In the tradition of The Gatekeepers and The Presidents Club, historian Craig Fehrman offers a surprising new look into both the public and private lives of America’s presidents.

Most Americans are familiar with Lincoln’s famous words in the Gettysburg Address and the Emancipation Proclamation. Yet few can name the work that helped win him the presidency: his published collection of speeches entitled Political Debates Between Hon. Abraham Lincoln and Hon. Stephen A. Douglas. Lincoln labored in secret to get his book ready for the 1860 election, tracking down newspaper transcripts, editing them carefully for fairness, and hunting for a printer who would meet his specifications. Political Debates sold fifty thousand copies—the rough equivalent of half a million books in today’s market—and it reveals something about Lincoln’s presidential ambitions. But it also reveals something about his heart and mind. When voters asked about his beliefs, Lincoln liked to point them to his book.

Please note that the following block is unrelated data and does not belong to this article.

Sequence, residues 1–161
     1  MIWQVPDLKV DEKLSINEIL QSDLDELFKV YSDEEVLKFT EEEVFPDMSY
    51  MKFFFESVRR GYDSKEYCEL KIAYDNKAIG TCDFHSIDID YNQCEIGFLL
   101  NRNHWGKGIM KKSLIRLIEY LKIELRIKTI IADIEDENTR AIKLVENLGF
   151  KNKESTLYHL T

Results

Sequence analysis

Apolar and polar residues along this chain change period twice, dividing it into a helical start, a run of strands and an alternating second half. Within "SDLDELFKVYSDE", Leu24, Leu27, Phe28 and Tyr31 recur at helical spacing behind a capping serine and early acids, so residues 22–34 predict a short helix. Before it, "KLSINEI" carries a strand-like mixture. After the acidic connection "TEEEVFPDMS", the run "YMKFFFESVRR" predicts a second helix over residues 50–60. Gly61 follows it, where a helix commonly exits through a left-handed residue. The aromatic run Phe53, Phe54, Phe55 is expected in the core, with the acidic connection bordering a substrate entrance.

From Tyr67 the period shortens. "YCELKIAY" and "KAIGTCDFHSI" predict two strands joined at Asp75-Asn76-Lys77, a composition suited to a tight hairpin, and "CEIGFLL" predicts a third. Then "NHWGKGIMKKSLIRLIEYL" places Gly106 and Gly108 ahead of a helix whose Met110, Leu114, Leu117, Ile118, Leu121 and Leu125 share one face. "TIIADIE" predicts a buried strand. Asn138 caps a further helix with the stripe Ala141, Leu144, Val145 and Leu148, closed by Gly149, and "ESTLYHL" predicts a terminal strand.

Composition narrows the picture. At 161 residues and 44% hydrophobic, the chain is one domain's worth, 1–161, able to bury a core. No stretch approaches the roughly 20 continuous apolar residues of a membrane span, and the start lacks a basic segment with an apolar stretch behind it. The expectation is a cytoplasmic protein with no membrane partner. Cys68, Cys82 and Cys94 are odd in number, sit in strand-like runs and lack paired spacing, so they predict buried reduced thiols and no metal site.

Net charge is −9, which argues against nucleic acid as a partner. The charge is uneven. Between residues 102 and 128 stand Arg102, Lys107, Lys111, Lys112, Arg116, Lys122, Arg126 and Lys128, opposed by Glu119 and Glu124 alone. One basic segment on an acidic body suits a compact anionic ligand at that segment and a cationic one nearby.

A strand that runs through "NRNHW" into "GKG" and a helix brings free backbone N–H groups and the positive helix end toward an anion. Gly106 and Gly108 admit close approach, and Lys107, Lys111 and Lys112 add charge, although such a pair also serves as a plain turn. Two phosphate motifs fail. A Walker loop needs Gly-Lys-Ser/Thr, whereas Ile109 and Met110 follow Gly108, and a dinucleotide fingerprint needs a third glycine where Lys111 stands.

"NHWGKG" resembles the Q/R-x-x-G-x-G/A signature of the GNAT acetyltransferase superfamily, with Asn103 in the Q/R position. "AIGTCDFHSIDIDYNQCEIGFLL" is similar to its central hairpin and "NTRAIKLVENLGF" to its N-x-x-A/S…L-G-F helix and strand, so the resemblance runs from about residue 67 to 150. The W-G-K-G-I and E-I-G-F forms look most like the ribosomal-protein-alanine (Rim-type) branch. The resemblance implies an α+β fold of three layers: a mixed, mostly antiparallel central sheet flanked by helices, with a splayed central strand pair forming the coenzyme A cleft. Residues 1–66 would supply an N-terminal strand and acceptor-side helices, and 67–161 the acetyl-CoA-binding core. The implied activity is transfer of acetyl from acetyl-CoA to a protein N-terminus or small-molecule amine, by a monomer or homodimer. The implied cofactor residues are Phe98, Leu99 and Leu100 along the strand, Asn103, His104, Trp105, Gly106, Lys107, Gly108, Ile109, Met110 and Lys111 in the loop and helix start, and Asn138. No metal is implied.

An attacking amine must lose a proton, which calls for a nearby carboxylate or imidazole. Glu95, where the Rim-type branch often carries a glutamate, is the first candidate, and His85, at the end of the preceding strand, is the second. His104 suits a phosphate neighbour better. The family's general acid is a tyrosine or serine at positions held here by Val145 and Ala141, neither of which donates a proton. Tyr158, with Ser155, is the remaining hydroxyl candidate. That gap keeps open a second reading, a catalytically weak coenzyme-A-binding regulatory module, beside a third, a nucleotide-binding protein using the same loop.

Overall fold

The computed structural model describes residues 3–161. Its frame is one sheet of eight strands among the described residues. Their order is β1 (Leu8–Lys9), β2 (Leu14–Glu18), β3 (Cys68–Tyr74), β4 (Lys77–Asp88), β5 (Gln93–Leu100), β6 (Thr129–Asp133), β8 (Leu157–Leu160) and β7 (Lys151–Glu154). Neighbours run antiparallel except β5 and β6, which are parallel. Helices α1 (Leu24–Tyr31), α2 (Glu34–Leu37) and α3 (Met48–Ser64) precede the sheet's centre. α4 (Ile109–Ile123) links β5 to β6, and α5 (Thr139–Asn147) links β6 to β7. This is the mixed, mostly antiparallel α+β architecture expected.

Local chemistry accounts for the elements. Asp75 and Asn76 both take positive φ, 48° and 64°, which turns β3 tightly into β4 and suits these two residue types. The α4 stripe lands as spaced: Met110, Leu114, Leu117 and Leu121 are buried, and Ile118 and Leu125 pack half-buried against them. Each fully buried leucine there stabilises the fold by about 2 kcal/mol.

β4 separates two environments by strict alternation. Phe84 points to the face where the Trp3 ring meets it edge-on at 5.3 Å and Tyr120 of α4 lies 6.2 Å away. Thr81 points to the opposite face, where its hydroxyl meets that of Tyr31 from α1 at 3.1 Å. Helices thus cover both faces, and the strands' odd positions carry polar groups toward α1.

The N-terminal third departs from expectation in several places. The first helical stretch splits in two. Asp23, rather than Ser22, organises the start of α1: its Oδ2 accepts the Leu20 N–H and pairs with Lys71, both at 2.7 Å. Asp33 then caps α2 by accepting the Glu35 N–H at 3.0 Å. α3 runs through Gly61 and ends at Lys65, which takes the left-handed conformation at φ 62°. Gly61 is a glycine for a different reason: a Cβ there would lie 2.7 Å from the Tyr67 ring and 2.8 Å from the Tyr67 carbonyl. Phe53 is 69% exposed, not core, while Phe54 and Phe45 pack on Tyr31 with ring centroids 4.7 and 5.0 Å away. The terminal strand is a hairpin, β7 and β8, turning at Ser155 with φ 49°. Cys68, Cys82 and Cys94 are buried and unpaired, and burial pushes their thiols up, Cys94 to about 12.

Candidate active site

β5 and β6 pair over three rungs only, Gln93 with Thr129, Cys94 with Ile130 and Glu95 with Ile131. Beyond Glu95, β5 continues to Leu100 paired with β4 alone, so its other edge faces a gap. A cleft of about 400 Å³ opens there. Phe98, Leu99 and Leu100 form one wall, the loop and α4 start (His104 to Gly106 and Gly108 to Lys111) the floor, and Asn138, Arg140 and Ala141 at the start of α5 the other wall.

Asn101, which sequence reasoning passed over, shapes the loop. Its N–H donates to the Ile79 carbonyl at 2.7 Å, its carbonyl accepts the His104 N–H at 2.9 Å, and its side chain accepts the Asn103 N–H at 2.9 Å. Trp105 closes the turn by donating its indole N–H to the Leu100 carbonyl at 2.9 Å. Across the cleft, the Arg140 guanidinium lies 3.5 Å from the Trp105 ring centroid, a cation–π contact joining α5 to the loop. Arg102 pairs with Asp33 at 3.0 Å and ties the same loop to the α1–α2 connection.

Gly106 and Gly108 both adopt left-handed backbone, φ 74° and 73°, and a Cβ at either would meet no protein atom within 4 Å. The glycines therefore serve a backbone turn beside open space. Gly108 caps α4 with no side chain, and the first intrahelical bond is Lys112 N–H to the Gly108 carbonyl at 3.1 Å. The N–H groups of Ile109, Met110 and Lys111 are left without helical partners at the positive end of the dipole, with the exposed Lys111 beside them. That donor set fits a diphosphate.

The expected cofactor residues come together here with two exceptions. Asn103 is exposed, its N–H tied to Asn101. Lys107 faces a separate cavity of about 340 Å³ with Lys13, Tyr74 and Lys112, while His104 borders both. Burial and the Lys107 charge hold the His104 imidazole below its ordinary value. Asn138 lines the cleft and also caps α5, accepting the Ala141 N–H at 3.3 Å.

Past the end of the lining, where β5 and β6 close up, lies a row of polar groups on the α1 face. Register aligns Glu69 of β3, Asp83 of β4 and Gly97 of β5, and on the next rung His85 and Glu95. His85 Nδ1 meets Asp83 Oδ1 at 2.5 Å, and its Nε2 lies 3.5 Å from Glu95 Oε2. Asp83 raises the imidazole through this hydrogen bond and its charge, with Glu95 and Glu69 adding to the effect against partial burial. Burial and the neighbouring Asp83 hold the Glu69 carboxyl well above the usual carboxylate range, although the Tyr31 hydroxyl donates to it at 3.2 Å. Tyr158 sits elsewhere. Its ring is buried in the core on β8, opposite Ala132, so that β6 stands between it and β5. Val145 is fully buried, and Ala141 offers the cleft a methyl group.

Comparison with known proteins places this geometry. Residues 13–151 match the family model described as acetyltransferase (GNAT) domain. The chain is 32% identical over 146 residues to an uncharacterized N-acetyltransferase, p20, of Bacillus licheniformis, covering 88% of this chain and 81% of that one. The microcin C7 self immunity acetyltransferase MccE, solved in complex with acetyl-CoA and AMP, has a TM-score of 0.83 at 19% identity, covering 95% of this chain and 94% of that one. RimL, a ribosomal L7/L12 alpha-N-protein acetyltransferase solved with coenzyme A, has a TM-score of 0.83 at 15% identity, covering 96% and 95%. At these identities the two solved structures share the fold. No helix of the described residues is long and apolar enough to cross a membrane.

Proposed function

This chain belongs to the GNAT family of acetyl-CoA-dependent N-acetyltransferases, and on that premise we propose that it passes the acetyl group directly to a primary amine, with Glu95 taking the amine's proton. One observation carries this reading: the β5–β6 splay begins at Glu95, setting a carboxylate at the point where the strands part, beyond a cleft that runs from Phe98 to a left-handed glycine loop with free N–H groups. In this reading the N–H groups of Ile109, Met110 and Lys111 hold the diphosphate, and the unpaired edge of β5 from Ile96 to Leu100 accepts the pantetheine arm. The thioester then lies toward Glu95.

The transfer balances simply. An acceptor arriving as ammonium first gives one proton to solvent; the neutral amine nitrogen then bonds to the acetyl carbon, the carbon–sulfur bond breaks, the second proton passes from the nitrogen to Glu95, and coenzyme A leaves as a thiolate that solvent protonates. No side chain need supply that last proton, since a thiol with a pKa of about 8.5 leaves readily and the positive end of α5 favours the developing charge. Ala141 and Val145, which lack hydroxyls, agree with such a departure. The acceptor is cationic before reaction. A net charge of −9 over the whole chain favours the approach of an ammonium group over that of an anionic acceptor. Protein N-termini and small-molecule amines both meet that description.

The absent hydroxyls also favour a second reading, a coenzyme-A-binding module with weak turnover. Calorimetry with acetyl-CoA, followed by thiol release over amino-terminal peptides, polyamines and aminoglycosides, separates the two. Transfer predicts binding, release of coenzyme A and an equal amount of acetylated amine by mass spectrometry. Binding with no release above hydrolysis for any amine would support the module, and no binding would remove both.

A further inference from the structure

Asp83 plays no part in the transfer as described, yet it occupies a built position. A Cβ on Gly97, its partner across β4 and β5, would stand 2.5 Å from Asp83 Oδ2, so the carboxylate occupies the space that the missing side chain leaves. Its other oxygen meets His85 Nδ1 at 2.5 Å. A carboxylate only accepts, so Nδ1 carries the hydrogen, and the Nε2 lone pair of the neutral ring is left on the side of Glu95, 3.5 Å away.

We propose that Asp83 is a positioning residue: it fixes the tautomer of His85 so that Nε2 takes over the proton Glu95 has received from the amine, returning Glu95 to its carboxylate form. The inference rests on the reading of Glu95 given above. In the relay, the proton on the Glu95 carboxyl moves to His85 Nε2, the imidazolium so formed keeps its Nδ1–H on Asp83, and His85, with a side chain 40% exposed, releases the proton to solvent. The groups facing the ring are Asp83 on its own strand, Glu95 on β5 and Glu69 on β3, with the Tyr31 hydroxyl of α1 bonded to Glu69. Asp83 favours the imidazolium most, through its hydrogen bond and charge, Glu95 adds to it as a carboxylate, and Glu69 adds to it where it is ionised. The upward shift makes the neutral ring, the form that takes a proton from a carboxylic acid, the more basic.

In Craig Fehrman’s groundbreaking work of history, Author in Chief, the story of America’s presidents and their books opens a rich new window into presidential biography. Beginning with Thomas Jefferson’s Notes on the State of Virginia, the first presidential book to influence a campaign, and John Adams’s Autobiography, the first score-settling presidential memoir, Author in Chief draws on newly uncovered information—including never-before-published letters from Andrew Jackson, John F. Kennedy, and Ronald Reagan—to offer insights into the aspirations and inner lives of our nation’s presidents. We see Teddy Roosevelt, known today for his rugged adventures and bulletproof self-confidence, as a vulnerable first-time author, struggling to write the book that would become a classic of American history. We see Ronald Reagan painstakingly revising Where’s the Rest of Me?, a forgotten memoir in which he sharpened his sunny political image. We see Donald Trump negotiating the deal for Art of the Deal, the volume that made him synonymous with business savvy—and decades later boosted him again on his way to the White House.